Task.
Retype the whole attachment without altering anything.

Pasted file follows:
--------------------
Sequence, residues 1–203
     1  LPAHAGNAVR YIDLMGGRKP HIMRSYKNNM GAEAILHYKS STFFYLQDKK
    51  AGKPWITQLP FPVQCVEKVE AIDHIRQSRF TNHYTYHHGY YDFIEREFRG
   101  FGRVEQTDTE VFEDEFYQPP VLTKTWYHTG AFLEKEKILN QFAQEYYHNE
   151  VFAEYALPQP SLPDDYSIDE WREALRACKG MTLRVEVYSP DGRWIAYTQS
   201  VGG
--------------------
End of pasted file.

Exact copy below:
Sequence, residues 1–203
     1  LPAHAGNAVR YIDLMGGRKP HIMRSYKNNM GAEAILHYKS STFFYLQDKK
    51  AGKPWITQLP FPVQCVEKVE AIDHIRQSRF TNHYTYHHGY YDFIEREFRG
   101  FGRVEQTDTE VFEDEFYQPP VLTKTWYHTG AFLEKEKILN QFAQEYYHNE
   151  VFAEYALPQP SLPDDYSIDE WREALRACKG MTLRVEVYSP DGRWIAYTQS
   201  VGG